Fandom: FFVII AU
Pairing: Zack/Cloud preslash
Rating: PG for swearing
Warnings: Cid's language and Cloud feeling terribly sorry for himself.
Summary: The gang's out for an evening on the town - Cloud just wishes they could have left him at home instead.
"The gang's going out tonight," Tifa had told him over dinner. "You're coming too."
That had made Cloud sigh. They'd had this conversation before. “Tifa…”
She cut him off with a sharp glare and a poke in the arm. “I don’t want to hear it Cloud. You're becoming a recluse; it’ll do you good to get out of the house for a while.”
“But I don’t….”
“No buts, Cloud,” Tifa had said, steely and certain. “You. Are. Coming. End of story.”
And that, as far as Tifa had been concerned, was that. Cloud had thought about objecting, really he had, but arguing with Tifa was like kind of like trying to stop the tide on the best of days – and he’d fought enough losing battles in the last months to know when it just wasn’t worth the effort anymore.
So it was with a distressingly familiar mix of resignation and weary despair that he'd found himself bundled out the door promptly at a quarter after nine, wearing a dark blue shirt he hadn’t known he owned and wilting under an overdose of overly determined cheer from his dubious collection of friends.
Now, stirring one finger disconsolately through the drips of condensation pooling on the polished bar and paying little to no attention while Barret ranted about his foreman and Tifa chatted with a friend from work, Cloud wondered why his friends even bothered with him anymore.
At least the place they’d dragged him to wasn’t as crowded as some he’d suffered through in the past – more than busy for a weeknight yes, but not so bad that Cloud was getting jarred by the jostling elbows of people fighting to catch the bartender’s attention. The band - their drum kit said they were the T&Cs - was surprisingly tolerable, though Cloud wasn’t really sure how to classify the strange intermingling of rock/jazz/metal/pop they were playing. They were between sets right now – the red-headed bassist was sprawled carelessly across the drummer’s lap and the both of them were watching the singer and keyboardist kick back shots – so the continual murmur of the crowd was an almost pleasant buzz in the air, underscored by the clink of glasses on wooden tabletops and the steady thunk of darts hitting the boards on the far side of the room.
And Cid swearing up a blue streak as one of his shots went wide, but that was pretty much par for the course as far as Cid was concerned.
Yuffie was somewhere over by the door, giggling as she tormented the twins from her math class and the blond one’s obnoxiously tall boyfriend made snide comments about everyone within hearing distance. Cloud supposed it was nice to see her having a good time, though he wondered how sensible it was for her to be pink-cheeked and laughing when she had to wake up early in the morning.
Unlike him, a dark corner of his mind reminded, and Cloud traced the next nonsensical shape in the water with rather more force than necessary.
“And as for YOU!” Barret thundered suddenly at his side, loud and righteously pissed off. A broad finger jabbed under Cloud’s nose and he jerked back, eyes crossing in a vain attempt to focus. “Stop mopin’ around like a fool! It’s jus’ a damn job – no need to act like yer damn dog jus’ died!”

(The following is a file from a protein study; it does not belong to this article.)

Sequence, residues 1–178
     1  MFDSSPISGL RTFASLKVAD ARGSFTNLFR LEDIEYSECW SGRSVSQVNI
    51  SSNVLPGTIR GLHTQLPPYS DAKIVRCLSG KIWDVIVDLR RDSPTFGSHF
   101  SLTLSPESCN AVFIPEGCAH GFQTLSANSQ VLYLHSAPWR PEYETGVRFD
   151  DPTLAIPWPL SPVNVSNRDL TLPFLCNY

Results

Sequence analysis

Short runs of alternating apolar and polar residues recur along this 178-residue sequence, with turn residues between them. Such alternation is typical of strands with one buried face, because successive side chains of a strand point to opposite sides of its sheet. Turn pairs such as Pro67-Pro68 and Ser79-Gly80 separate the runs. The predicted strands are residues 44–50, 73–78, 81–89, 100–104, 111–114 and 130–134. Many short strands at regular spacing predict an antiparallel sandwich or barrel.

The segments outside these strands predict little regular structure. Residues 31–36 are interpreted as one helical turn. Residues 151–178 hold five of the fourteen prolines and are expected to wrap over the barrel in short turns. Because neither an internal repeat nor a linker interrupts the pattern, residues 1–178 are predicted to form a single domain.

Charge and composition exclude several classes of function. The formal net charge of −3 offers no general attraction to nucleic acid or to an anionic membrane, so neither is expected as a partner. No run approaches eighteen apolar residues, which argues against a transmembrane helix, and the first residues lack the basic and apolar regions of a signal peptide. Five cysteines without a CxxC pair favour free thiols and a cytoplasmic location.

Cloud resisted the urge to sigh. It had been more than just a ‘damn job’ and they all knew it, but Barret lived by the belief that enough blustering and angry arm-waving could make anything true if you kept at it long enough. They’d all pretty much given up trying to convince him otherwise.
“Give Cloud a break,” Tifa ordered from Barret's other side, scowling at Barret as if she hadn’t been the one who’d bullied Cloud into coming out in the first place. “You know it’s a hard adjustment to make.”
Barret scowled. “It wouldn’t be so damn hard if he didn’t spend all his time sulking in his room.”
“I ride my bike too,” Cloud shot back, the retort sounding petulant even to his own ears.
The look Barret gave him made it clear that sheer willpower was the only thing keeping him from seizing Cloud by the shoulders and shaking him until he started talking sense. “Y’er a damn fool, Strife – when you gonna go out and do something with yerself?!”
A sudden swell of keys and chords ran roughshod over any attempt on Cloud's part to answer that, the lanky bassist’s ‘let’s get ready to bust this place up, yo!’ prompting a raucous cheer from the patrons that even Barret’s thunderous discontent couldn’t compete with.
He likely would have tried anyway – Barret was nothing if not persistent – but the sudden appearance of a tipsy Yuffie in their midst interrupted him before he could try.
“What’re you all doing standing around here?” the girl demanded, colour high and headband more than slightly askew. She jerked her head unsteadily towards the dance floor. “Let’s go have some fun!”
The mutinous expression on Barret’s face was almost enough to make up for the fact that Cloud had been included in that invitation.
“I ain’t dancin!” Barret said, crossing his arms defiantly across his chest.
Yuffie sniffed. “Fine then. Be boring. See if I care.” She latched onto Tifa’s wrist with a winsome smile. “You’ll dance with me, right Tifa?”
Tifa was doing a decidedly poor job of hiding her grin. “Shouldn’t you be writing your geography paper?” she asked, though mildly.
“Eh, it’s not due till Thursday.” Yuffie batted her eyelashes, endearing as only a half-drunk, impetuous teenager could be. “Come oooonnn, Tifa! You know you want to!”